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    JM Bullion Gold and Silver Market Update (12/12/16)

    Gold Spot Price Open: $1,163

    Gold Spot Price Close: $1,165

    Change in Gold Spot Price: +$2

    Silver Spot Price Open: $16.93

    Silver Spot Price Close: $17.06

    Change in Silver Spot Price: +$0.13

    Gold and silver opened up the week in an interesting way, with both metals moving in opposite directions but not managing to finish far from where they opened. When all was said and done, gold gained a dollar or two while silver accrued gains of about thirteen cents. Platinum and palladium both finished the day mixed, with platinum gaining about 15 dollars while palladium lost a just shy of ten dollars.

    Non-OPEC Nations Agree to Production Cuts

    The spot value of oil in particular, and the energy sector in general, both performed well to begin the week after it was announced that non-OPEC member nations are going to work in conjunction with the oil cartel to slash daily production of crude oil. Due to an ongoing supply-glut that is actively working to keep the price of oil subdued, a grouping of nations have finally decided that it would be in their collective best interest to reduce daily outputs. If all goes as planned, the reduction in daily oil production will drive up prices beyond what we have been experiencing for what is going on two years now.

    As for what this means for gold and silver—and most other precious metals, for that matter—it is believed that a production cut will help spot values. Metals are seeing some of the all too familiar selling pressure lightened in the wake of this OPEC-related news. So long as crude oil prices move further and further above $50/barrel, the belief is that gold and silver will see selling pressure gradually lightened. Of course, stronger stocks as well as a stronger USD are going to be two factors that will ensure metals do not venture too far forward, but all in all it seems as though the tide is shifting to an extent.

    A group of non-OPEC nations, which includes Mexico and Russia, agreed on Saturday that they would be cutting their daily production of crude oil by what amounts to roughly 500,000 barrels per day. This is a massive supply cut that will account for a 2% reduction in the total number of barrels of oil produced every day. Though this may not seem like much, it is believed to be something that will massively help economies that are struggling as a result of the elongated supply-glut. For consumers at the pump, this is not the best news to wake up to on a Monday.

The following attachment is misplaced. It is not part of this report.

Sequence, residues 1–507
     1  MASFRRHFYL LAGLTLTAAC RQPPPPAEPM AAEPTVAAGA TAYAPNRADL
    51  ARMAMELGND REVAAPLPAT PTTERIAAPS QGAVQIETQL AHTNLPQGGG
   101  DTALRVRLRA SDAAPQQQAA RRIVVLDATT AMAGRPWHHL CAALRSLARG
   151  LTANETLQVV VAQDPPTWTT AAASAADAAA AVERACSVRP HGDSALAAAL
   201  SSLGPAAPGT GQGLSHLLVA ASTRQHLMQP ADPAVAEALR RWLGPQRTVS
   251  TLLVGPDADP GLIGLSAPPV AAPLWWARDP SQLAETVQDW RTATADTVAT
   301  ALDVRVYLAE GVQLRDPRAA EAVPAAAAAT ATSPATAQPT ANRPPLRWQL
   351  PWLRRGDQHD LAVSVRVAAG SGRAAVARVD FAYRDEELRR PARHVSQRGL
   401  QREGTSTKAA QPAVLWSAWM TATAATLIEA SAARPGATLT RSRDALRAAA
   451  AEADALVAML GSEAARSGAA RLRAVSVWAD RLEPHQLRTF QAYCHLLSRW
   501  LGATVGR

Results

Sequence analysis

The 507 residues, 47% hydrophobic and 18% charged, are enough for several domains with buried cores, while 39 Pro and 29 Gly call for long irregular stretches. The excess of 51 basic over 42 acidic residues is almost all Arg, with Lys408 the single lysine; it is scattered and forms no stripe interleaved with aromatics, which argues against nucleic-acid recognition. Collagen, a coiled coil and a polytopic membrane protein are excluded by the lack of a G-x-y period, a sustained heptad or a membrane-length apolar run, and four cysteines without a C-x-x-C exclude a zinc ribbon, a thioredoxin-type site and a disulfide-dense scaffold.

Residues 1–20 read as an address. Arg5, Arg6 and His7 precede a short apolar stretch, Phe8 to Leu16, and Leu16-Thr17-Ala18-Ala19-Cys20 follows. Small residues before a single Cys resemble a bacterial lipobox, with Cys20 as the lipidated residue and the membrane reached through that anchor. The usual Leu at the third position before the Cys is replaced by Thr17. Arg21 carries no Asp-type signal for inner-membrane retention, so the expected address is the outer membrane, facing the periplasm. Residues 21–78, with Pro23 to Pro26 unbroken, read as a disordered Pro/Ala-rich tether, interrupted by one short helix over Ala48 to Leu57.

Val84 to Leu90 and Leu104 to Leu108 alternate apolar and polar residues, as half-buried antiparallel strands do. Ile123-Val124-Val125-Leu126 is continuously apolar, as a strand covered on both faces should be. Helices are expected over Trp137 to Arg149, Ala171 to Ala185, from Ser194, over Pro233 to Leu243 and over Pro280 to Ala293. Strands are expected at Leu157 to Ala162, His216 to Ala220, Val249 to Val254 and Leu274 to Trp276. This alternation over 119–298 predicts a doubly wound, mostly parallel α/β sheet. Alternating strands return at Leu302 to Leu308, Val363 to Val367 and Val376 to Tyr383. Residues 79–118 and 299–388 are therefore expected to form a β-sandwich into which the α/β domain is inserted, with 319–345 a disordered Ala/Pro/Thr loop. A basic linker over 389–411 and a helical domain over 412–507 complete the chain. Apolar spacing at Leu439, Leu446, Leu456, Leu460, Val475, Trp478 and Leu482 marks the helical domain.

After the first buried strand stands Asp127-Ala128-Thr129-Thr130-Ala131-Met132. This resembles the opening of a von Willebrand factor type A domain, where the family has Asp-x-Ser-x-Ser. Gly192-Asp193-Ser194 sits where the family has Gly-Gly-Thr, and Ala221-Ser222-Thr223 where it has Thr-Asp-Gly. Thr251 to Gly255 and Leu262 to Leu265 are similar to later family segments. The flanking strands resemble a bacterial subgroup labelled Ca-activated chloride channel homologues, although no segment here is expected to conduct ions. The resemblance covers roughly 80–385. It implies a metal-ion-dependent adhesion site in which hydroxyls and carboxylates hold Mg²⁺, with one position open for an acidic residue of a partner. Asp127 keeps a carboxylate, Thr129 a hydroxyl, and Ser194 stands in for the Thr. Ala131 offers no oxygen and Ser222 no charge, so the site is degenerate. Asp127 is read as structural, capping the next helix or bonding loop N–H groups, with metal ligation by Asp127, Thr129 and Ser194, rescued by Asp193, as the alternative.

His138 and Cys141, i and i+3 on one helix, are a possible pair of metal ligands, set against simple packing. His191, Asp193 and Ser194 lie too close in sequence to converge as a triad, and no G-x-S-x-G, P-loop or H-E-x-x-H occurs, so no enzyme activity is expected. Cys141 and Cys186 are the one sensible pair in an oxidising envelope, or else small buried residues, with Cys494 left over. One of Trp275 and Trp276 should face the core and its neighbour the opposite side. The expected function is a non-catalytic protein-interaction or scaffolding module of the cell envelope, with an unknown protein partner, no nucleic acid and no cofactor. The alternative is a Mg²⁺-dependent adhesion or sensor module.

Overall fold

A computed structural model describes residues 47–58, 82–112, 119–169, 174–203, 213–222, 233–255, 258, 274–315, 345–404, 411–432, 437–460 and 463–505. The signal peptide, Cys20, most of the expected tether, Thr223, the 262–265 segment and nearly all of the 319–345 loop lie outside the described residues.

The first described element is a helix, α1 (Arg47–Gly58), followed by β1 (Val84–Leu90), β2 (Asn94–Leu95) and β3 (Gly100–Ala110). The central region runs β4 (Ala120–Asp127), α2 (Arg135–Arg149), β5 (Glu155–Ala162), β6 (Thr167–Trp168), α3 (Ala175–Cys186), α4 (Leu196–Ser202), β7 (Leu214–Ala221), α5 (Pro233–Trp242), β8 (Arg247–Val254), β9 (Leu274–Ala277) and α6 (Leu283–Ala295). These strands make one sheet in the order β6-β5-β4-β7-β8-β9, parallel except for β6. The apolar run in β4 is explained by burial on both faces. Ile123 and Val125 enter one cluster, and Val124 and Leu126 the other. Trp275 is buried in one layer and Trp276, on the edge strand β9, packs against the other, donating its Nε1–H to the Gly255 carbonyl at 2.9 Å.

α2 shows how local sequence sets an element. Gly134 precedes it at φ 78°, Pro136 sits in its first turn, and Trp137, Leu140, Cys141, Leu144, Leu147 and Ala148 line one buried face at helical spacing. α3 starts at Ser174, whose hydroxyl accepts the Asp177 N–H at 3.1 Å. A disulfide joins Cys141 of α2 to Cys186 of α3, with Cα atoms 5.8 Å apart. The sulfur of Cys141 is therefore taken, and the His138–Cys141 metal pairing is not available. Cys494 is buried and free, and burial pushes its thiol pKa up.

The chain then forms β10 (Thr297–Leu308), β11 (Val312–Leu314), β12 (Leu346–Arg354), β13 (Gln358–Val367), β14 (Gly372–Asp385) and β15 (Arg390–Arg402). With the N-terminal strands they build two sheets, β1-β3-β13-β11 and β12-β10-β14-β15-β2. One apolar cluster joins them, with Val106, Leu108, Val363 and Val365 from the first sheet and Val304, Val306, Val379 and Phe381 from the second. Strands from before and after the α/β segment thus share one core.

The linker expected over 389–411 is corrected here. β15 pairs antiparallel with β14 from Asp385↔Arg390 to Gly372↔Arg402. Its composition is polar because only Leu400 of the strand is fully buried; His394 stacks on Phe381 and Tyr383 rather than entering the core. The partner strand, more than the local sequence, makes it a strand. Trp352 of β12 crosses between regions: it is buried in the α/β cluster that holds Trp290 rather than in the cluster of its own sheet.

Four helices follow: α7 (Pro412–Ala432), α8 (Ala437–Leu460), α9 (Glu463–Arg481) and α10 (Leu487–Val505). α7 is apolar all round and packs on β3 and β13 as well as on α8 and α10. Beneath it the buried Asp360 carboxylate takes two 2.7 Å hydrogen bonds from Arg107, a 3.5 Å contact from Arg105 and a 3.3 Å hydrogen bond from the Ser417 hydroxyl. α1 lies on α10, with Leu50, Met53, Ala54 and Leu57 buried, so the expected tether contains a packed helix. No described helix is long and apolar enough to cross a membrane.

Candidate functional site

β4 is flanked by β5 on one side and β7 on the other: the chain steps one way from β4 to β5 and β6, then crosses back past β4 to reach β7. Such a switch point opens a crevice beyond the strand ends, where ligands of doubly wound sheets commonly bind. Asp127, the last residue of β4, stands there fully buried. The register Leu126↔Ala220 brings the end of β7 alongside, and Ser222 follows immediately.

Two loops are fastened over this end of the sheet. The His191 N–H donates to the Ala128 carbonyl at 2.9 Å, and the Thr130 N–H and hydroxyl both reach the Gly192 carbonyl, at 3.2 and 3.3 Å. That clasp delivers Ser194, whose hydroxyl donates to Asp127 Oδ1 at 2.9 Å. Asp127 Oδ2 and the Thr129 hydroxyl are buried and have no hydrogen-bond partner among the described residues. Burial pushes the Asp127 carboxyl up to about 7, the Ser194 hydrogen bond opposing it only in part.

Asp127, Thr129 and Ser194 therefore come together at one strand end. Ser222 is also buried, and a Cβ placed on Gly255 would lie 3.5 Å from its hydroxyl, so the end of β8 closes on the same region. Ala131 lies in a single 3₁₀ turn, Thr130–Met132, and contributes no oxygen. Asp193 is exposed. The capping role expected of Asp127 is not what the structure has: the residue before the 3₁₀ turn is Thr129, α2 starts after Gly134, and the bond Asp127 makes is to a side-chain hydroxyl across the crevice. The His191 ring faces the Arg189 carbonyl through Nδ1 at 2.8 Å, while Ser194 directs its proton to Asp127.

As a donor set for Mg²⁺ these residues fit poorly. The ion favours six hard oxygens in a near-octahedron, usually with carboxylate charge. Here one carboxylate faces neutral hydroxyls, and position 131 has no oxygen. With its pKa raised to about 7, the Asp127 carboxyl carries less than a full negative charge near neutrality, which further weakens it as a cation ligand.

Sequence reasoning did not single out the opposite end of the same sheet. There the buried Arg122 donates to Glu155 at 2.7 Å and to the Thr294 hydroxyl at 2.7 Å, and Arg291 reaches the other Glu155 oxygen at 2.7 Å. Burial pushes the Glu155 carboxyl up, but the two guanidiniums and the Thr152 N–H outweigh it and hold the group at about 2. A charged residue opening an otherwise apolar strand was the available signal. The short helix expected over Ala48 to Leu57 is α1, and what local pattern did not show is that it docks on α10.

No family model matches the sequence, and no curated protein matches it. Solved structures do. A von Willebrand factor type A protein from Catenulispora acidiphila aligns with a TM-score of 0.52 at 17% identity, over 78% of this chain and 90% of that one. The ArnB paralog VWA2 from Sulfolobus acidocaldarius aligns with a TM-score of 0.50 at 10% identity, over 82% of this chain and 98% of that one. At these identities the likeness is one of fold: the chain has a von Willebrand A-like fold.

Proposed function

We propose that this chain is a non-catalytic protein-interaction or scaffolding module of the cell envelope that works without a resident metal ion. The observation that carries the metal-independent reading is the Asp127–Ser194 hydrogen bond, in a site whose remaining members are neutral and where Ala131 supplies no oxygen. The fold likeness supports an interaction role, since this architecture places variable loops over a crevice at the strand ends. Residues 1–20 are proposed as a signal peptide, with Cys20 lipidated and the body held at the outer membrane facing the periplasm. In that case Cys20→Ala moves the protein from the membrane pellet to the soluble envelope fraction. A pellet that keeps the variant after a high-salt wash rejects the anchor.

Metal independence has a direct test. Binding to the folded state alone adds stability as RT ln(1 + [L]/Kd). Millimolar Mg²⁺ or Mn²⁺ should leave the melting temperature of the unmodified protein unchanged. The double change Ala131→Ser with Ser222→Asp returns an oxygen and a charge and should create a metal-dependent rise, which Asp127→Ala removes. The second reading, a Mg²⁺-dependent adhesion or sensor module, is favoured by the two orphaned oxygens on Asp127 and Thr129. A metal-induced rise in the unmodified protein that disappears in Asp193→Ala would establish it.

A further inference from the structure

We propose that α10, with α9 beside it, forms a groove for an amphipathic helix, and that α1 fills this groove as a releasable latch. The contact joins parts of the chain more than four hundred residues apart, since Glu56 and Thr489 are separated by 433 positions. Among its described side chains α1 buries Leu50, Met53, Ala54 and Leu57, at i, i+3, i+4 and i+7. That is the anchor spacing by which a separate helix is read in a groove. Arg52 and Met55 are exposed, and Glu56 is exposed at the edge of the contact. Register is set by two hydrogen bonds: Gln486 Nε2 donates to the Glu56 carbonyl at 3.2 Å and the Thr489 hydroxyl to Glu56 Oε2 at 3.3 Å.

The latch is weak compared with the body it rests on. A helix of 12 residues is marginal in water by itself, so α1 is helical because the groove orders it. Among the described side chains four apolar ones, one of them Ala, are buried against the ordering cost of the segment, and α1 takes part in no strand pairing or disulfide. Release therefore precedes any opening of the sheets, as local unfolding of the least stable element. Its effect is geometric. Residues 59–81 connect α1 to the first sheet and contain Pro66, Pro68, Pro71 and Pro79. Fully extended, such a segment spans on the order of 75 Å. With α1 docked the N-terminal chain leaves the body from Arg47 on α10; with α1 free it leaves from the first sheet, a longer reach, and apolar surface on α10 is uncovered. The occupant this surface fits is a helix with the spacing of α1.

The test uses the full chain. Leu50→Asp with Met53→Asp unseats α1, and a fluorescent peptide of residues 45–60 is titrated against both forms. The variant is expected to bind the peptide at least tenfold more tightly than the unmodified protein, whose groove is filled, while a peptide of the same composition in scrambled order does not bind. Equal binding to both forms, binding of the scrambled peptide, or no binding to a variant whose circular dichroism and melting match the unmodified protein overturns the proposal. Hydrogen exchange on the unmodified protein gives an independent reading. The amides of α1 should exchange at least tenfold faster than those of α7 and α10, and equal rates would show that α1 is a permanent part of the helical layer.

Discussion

Long-Awaited FOMC Meeting Kicks Off on Tuesday

    The Federal Open Market Committee is finally set to hold their December policy meeting. Unless you have been living under a rock, you are fully aware of the importance this meeting is said to have. The reason for this is due to the fact that it is believed by a majority of investors that the Fed will announce the hiking of interest rates in the US.

    The FOMC meeting officially wraps up on Wednesday, after which a post-meeting statement will be delivered by Janet Yellen. What will truly be interesting to see is whether or not the Fed elaborates upon just how drastically rates will be raised. That is a huge point of contention at this current juncture, with some thinking rates will be boosted dramatically, while others are anticipating a small hike with the promise of further hikes to complement it. For the next day or so, you can expect to see a lot of traders hold their positions in order to uncover more details about the supposed hike.


    All things told, Monday was not the most exciting day in recent history, but we did receive some important news from the crude oil world. Now the market’s attention will shift to the FOMC for the next 2 days. For precious metals, I would anticipate that, until Wednesday afternoon, price movements will be quite small. We are witnessing one giant waiting game that will take place from now until the FOMC makes their post-meeting statement.

    Disclaimer: All Market Updates are provided as a third party analysis and do not necessarily reflect the explicit views of JM Bullion Inc. and should not be construed as financial advice.

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